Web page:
Living New Deal Makes the Boston Globe

Ross Moffett 1937 mural in former Union Square Post Office in Somerville, Mass.

Mural in former Somerville MA Post Office, 2014
Ross Moffett 1937 mural in former Union Square Post Office in Somerville, Mass.  Source
Photo Credit: MATTHEW J. LEE/GLOBE STAFF

We were very pleased that the Living New Deal was acknowledged in a wonderful opinion piece in the Boston Globe on the day after Thanksgiving.  In an editorial entitled, “When public buildings were revered”, writer René Loth captures the spirit of the New Deal in asking why Americans no longer value public places as they once did and deplores the privatization of the New Deal legacy.  “We have traveled a long way from a time when public buildings were revered precisely because they belonged to everyone.”

We particularly liked this observation:

“Sturdily made, architecturally significant, the New Deal’s public buildings project a sense of authority and even grandeur, but with the clean, stripped-down lines of the Art Deco style. Even simple cabins in state parks creatively used natural materials to blend in with their settings. They are artifacts of a time when government institutions — schools, courthouses, even waterworks — commanded a certain respect, and the quality of design and craftsmanship reflected that.”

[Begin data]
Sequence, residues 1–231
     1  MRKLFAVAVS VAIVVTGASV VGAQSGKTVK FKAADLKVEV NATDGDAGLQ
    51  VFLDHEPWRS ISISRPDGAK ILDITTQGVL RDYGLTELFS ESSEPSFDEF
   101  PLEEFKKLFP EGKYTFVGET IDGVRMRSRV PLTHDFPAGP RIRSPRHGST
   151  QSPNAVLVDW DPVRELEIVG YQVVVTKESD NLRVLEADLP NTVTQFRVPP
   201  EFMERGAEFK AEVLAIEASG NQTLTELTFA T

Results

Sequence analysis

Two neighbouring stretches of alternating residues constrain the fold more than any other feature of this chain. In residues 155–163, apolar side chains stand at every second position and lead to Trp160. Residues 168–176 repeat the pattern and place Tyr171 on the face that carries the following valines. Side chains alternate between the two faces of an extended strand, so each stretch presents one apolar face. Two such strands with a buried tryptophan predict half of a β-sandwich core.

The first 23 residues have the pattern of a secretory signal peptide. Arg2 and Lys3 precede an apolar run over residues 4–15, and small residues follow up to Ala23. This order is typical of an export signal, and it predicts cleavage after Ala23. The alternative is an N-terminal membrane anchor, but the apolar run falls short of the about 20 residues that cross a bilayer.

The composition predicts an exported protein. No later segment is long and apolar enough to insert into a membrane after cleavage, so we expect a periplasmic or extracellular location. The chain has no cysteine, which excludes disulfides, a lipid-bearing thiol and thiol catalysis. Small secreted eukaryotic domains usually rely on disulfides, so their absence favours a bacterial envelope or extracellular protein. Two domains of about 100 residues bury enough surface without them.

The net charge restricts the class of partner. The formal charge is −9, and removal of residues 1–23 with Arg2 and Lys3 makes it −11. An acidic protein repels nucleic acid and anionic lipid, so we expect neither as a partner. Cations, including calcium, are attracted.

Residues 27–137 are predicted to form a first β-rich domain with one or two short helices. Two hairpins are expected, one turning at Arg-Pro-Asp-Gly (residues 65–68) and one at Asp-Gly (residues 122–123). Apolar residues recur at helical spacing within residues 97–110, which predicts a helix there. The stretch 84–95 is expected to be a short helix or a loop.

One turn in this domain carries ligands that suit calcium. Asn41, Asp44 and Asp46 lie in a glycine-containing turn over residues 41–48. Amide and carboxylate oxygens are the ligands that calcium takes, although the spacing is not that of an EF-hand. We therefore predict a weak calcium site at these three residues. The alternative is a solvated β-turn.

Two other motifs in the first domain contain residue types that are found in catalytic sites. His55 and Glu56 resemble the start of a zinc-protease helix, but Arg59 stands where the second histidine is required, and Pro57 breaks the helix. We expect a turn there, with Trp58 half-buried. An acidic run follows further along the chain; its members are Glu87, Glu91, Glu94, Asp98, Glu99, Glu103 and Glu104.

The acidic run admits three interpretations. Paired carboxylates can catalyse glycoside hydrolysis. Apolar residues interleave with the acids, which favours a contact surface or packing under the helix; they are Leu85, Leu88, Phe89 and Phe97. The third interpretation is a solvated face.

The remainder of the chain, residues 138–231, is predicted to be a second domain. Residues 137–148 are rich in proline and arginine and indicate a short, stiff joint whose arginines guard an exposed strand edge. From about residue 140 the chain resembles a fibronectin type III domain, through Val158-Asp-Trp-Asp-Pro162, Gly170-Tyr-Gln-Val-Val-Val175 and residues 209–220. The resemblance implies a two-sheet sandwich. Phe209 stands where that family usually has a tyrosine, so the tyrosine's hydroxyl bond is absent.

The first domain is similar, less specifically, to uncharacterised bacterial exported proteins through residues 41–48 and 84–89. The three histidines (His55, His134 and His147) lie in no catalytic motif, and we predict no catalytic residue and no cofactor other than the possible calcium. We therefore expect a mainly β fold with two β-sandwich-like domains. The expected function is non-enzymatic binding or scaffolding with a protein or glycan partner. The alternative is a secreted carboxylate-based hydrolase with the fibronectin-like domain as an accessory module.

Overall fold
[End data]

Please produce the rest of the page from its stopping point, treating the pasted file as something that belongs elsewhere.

And we appreciate that the article included the url of the Living New Deal website.

To download the article as a pdf, click here.

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New Deal Maps

Check out our latest map and guide to the work of the New Deal in Washington, D.C. It includes 500 New Deal sites in the District alone, highlighting 34 notable sites, and includes an inset map of the area around the National Mall which can be used for self-guided walking tours.

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